Control of Oxidative Metabolism in Volume-Overloaded Rat Hearts
Chronic mechanic overloading of the heart has been shown to lead to a significant depletion of tissue carnitine (1,2) that is possibly related to impaired carnitine transport to the myocardium (3, 4). At the same time, the ability of chronically overloaded hearts to oxidize exogenous palmitate is diminished (5, 6). This decrease of long-chain fatty acid utilization is accompanied by reduced myocardial oxygen consumption (MVO2) and gives rise to an impaired mechanical activity during in vitro perfusions (6, 7). Most of the above quoted alterations disappear when exogenous palmitate is replaced by octanoate, a short-chain fatty acid that has free access to mitochondrial matrix (8). This suggests that the respiratory chain of volume-overloaded rat hearts perfused in presence of long-chain fatty acids may be actually substrate limited (7). In this work, we tried to improve NADH delivery to respiratory chain by a prolonged treatment of volume-overloaded rats with millimolar concentrations of propionyl-L-carnitine (9). It has been shown that the administration of this compound significantly increases both blood plasma concentrations and myocardial tissue levels of L-carnitine (10, 11). This, in turn, may improve long chain fatty acid utilization (5) and glucose oxidation (12) via a decreased acetyl-CoA/CoA ratio (13, 14). The control and volume-overloaded hearts were perfused with 11 mM glucose and 1.2 mM palmitate (2.4 mM octanoate) over a range of left ventricular work loads, leading to a progressive increase in the myocardial V02 (7). The respective relationships between the rates of oxidative phosphorylation and different intracellular energy parameters ((cytosolic phosphorylation potential (ATP/ADPf.Pi), ADPf, and mitochondrial NAD+/NADH ratio)) as obtained in control and volume-overloaded hearts were compared for each metabolic condition examined. The effects of the pretreatment with propionyl-L-carnitine on the kinetics of oxidative phosphorylation were tested under conditions of a high work load (heart ejecting against an increased aortic resistance related to the clamp of the aortic outflow line) as described previously (6, 7).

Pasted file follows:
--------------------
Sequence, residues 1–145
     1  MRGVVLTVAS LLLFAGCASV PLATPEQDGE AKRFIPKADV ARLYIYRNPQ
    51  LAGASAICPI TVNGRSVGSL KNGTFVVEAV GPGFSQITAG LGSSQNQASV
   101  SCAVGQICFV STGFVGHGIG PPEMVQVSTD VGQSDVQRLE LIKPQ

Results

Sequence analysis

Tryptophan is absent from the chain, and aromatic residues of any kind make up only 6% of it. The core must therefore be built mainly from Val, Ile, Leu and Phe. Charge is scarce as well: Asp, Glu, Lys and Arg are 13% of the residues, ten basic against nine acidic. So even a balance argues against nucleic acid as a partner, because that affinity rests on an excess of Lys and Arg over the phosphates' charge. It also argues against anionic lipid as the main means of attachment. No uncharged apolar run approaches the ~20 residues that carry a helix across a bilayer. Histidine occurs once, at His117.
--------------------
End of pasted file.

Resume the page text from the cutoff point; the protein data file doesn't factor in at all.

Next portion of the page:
KeywordsGlucose Oxidation Myocardial Oxygen Consumption Control Heart Fatty Acid Utilization Palmitate Oxidation
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